Eight hours or so later, I was in Madrid. The flight had been in partnership with Iberia I gathered my luggage (more than I could deal with, but I had figured I'd pick up Sancha and get a cab straight to my place in Madrid. I had expected them to lose my luggage, as has happened on every other Iberia flight I've ever taken, but no such luck). Except there was nothing resembling a Petsafe area by the Iberia baggage claim. I asked around, and nobody had any idea what I was talking about. I called the number on some of my paperwork and they informed me that she would be arriving in the cargo area of the airport, some 3 miles away from the passenger flights. So I dragged my stuff to the taxi line, waited, only to have every taxi driver refuse to take me to the cargo area (since it meant a measly fare for them and then a return to the back of the taxi line). Meanwhile the cargo people insisted that there was no other way to get there. So I had to feign an uncertain address to a driver until I was safely in the cab and we had pulled away from the terminal, at which point I revealed my true intentions and got to listen to him complain and swear the rest of the drive. But he did drop me at the cargo warehouse, between DHL and the Post Office's warehouses. I went in to a little trailer full of truckdrivers coming and going and explained that I was looking for my dog--the woman was happy to collect some more $ from me, and then she sent me on a bureaucratic journey which involved three of four different office buildings, many pieces of paper, many stamps on the various pieces of paper, and a fresh bundle of euros at each stop. She had agreed only after a great deal of negotiation and desperate pleading on my part to let me leave my luggage in her trailer--it didn't seem to be against the rules, but it wasn't in the rules, and Spanish bureaucrats will do anything short of work after 2pm to protect the rules. I may just have left the boxes and hoped for the best. Meanwhile the clock ticked away toward the hour of doom....2 pm, because God forbid an office at an international airport stay open in the afternoons. At one point I was at the offices of the Department of Agriculture, waiting behind a guy importing 300 turtles for I-don't-even-want-to-know-what. When I got to the front of the line and said I was there to pick up my single 15 lb. mutt, the guy gave me a look that seemed to suggest that he held me personally responsible for Spanish unemployment, the Iraq War, and the decline of Western civilization. (Which is odd, because Spaniards love their pets. It's not like Madrid isn't full of spoiled, frou-frou pets and the businesses that cater to them. Apparently they just draw the line at traveling overseas with them.) With the clock ticking down to 2, I made it back to the trailer, my belongings were still there, my stamps were stamped, my signatures were signed, and I was told to go out to the warehouse floor and await my merchandise.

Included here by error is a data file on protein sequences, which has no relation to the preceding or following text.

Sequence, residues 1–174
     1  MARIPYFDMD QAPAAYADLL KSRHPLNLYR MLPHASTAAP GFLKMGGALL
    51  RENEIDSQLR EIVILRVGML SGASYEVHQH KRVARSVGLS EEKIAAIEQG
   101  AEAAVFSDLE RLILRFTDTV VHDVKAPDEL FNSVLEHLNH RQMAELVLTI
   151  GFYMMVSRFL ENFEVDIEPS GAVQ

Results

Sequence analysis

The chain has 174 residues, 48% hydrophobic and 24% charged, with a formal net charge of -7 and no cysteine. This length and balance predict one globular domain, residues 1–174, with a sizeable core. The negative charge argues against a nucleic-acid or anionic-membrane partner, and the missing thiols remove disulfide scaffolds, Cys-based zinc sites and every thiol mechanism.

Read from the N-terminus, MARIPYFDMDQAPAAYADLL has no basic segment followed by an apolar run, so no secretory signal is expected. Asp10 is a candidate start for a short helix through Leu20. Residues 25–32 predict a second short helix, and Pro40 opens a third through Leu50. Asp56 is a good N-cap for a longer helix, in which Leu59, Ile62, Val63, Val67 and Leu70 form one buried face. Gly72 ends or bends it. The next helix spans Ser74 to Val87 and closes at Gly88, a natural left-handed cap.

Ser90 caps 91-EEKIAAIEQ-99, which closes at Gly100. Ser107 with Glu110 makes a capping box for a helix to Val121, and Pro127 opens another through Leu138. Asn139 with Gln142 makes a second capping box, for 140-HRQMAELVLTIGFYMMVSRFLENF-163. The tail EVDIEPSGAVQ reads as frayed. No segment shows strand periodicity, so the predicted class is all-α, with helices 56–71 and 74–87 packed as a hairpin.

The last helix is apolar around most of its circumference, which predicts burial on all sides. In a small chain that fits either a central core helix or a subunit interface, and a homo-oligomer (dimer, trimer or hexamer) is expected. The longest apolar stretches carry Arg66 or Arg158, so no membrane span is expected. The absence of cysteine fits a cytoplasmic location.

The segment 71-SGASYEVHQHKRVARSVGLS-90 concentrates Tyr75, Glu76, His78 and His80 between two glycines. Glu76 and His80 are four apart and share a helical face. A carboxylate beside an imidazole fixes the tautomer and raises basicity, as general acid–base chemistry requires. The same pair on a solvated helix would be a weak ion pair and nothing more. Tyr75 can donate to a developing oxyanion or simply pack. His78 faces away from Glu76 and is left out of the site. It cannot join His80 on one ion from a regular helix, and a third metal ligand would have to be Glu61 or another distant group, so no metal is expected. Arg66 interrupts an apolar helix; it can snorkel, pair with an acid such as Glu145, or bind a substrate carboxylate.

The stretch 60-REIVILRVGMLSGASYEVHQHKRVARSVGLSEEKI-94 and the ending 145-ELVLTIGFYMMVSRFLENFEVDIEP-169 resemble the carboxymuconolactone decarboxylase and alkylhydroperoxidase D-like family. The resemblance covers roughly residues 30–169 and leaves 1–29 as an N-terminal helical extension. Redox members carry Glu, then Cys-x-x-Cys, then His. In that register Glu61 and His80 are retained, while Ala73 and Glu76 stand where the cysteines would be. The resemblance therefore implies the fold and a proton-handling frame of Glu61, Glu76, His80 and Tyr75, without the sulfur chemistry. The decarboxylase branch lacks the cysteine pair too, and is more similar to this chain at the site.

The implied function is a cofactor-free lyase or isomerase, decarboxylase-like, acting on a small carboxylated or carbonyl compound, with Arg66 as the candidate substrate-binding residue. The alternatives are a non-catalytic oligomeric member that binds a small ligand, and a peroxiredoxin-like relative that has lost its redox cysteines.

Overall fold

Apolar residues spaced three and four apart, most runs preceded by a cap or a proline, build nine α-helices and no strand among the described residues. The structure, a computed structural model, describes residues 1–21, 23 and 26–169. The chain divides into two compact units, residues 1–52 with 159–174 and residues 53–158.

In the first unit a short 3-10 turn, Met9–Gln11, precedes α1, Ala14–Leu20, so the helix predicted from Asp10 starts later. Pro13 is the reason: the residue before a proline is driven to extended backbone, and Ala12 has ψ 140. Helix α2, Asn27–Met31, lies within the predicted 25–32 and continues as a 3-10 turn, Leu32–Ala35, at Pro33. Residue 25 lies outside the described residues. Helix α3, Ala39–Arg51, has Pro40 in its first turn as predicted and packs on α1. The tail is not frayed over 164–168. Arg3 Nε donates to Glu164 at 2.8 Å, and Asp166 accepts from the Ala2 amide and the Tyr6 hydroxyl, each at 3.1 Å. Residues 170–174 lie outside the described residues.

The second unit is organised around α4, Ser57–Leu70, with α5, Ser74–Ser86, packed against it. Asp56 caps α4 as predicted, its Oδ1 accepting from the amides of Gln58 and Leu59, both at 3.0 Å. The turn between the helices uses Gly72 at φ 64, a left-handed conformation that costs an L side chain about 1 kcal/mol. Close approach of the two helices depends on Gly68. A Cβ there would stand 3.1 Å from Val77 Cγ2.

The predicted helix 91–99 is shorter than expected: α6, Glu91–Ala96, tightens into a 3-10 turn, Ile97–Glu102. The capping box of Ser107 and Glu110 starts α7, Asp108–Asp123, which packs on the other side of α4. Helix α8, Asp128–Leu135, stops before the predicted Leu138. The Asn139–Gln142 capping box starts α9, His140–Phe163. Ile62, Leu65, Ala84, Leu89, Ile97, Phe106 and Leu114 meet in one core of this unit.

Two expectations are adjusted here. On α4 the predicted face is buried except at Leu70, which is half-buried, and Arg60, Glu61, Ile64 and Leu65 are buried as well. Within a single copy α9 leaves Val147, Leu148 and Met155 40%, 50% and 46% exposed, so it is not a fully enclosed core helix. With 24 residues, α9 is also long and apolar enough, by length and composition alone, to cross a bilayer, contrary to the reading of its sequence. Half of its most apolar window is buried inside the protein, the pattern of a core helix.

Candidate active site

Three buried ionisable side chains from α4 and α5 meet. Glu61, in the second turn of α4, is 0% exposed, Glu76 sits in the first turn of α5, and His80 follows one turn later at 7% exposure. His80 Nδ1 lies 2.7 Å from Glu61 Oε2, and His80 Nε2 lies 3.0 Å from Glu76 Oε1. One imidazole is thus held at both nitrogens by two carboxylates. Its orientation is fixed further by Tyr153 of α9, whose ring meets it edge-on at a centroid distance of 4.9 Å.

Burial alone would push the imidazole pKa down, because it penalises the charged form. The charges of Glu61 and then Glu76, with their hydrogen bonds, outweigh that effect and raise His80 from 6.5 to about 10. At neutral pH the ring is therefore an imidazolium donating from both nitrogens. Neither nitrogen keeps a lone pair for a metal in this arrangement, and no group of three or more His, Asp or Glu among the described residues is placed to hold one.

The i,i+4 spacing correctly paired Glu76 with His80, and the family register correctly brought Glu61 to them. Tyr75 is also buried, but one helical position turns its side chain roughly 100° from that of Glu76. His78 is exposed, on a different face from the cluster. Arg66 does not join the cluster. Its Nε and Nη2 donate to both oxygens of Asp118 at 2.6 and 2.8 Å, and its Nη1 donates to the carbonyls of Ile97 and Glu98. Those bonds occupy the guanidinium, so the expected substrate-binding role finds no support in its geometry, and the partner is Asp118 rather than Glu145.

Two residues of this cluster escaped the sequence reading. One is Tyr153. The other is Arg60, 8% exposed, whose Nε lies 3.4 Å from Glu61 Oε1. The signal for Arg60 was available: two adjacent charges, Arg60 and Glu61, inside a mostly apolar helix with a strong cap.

So there I sat, amidst multi-story piles of boxed furniture and appliances, watching a stream of greasy men come and go and get things signed and stamped (and linger around to complain about la crisis). It had probably been 11 hours since I'd left Sancha in Jersey. I waited. Forklifts motored around the warehouse floor, lifting and dropping pallets. I could not imagine how Sancha was going to arrive--inside a washing machine? Driving a forklift? I had plenty of time to imagine because she did not arrive. They started closing for the siesta. No dog. Finally, a truck driver who had come after me and had already received his merchandise took up my case and went in to demand answers. They had forgotten. Mere moments before two, a forklift came rolling in, bearing a pyramid-stacked assembly of large appliances, smaller appliances, and there at the tippy tippy top, probably 12 feet in the air, one little dog carrier. In order to get her down a guy had to go up in a forklift and because everything was tied together with steel cables, he needed a blowtorch to get her off and down from the pallet. So there was my poor little dog, 2 hours in a crate in an airport, 6 hours in the belly of a plane, 3 hours I don't even like to imagine being tossed around by men accustomed to working with refrigerators, and now perched at 12 feet circled by greasy men bearing chainsaws. They got her down. I opened the crate door. And she marched on out like, "Hey! So this is Spain? Boy do I hafta pee!"
Our saga didn't end there because if I thought it was hard to get a cab to the cargo area, it was only because I had not yet tried to get a cab from the cargo area...and don't even get me started on flying home...but while I was a nervous wreck, Sancha showed no signs that it wasn't just another day in the life of a loyal squire. Some days you ride a wave. Some days you ride a forklift. It's all good as long as you've got a bunch of sweaters to curl up with.